They’re also incredibly accurate.

  • MPWS

    Why not .45 Win Magnum? I think this would be best compromise while keeping weight and cost in reasonable borders. With its 230gr/ 1,600fps/ 1,300fbs the main benefit is obviously added range to stalwart .45ACP
    Going overboard on large pistols calibers may be reason for their sluggish sales.

    • Anon. E Maus

      I think because it’s not a very popular cartridge.
      The Deagle used to be available in .41 Magnum, but it just wasn’t particularly popular.

      It also used to be available in .440 CorBon, which can be compared to .454 Casull in hot loads, but CorBon wasn’t good at making the brass consistently, and it was never very popular, so they stopped that too. It’s a shame because I think it’s a kickass cartridge.

      I think a lightweight Deagle in .45WinMag would make a lot of sense, but I don’t know if it’d be a big hit.

  • TheNotoriousIUD

    Def looks cool.

  • Kyle

    I really like the idea of one of these in .357 I’d consider buying it.

  • Don Ward

    Not enough gold and zebra print finish…

  • LV-426

    This might be a fantastic semi auto in .44 mag.

  • Jason

    The NY Safe act bans semi auto handguns over 50oz. The new Mark XIX L5 at 3lb 2oz is right at the allowable limit. Coincidence?

    • Kyle

      Wut? Why the hell would they care hor much a pistol weighs? I assume it was intended to block the sale of stockless ARs and AKs as pistols right?

      • Kelly Jackson

        Correct, and “assault pistols” like the Tec 9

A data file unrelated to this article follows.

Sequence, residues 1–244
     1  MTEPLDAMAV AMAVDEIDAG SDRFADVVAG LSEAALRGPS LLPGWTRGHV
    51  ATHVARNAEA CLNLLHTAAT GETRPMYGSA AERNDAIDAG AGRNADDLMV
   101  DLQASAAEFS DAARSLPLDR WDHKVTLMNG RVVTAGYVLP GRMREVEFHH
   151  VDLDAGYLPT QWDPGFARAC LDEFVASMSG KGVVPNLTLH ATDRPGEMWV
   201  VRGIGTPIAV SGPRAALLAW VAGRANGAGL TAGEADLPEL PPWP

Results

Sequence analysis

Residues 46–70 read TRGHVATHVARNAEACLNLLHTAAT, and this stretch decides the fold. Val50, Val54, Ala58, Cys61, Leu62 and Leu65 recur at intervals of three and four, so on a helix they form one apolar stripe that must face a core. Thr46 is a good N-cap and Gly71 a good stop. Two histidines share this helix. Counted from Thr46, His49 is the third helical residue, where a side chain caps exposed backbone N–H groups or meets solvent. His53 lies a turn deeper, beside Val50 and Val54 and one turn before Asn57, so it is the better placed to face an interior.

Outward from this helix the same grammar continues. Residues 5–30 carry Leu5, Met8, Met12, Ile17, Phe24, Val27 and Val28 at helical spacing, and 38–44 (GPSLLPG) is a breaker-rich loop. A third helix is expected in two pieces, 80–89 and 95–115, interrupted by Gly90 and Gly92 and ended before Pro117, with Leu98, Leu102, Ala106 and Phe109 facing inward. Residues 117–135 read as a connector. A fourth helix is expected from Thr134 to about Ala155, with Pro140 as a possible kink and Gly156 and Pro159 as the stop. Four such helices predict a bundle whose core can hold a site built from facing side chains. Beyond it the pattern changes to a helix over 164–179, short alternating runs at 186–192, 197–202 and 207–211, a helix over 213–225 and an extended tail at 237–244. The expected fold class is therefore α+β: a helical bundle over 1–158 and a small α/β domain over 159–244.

• Kelly Jackson

    I think it would be more pleasing to the eye without the compensator cuts, but I like the .357 model

  • Cymond

    That weight seems more than enough for a 357, but the 50 AE has a reputation as a handful. I haven’t shot one yet, but I imagine shaving off 12 ounces makes it much, much worse.

  • BearSlayer338

    They might get me interested if they ever make a compact 3.5-4″ barrel Desert Eagle that weighs less than 48 oz.

    • Stan Darsh

      The Coonan is an auto .357 Mag that has a 5″ bbl and weighs 42 oz unloaded or 48 oz loaded.

      • BearSlayer338

        Yeah but it is a bit large,I’d like a concealable .357 magnum semi-auto.

    • Stan Darsh

      Just found out Coonan actually now makes a compact version with a 4″ barrel and 39 oz unloaded or 45 oz loaded weight.

  • Blake

    Personally I always felt that a big honkin’ revolver like our 44M Ruger Redhawk was more appropriate for monster calibers than a semi-auto (& much less expensive). 6 rounds isn’t really much less than 9. As a comparison to this new Deagle, a 4 1/4″ bbl Ruger GP100 in .357M weighs 40oz & costs $600…

    .327 Fed Mag makes the proposition even more interesting with 7 rounds, less recoil, & the ability to shoot 5 different calibers safely in the same gun.

  • MrSatyre

    I think I just coughed up blood when I read the price tag for the .50!

  • Burst

    Short barreled, with a muzzle brake?

    Oh good, louder while also being louder.

    • Anon. E Maus

      On the flip-side, you don’t have cylinder gap.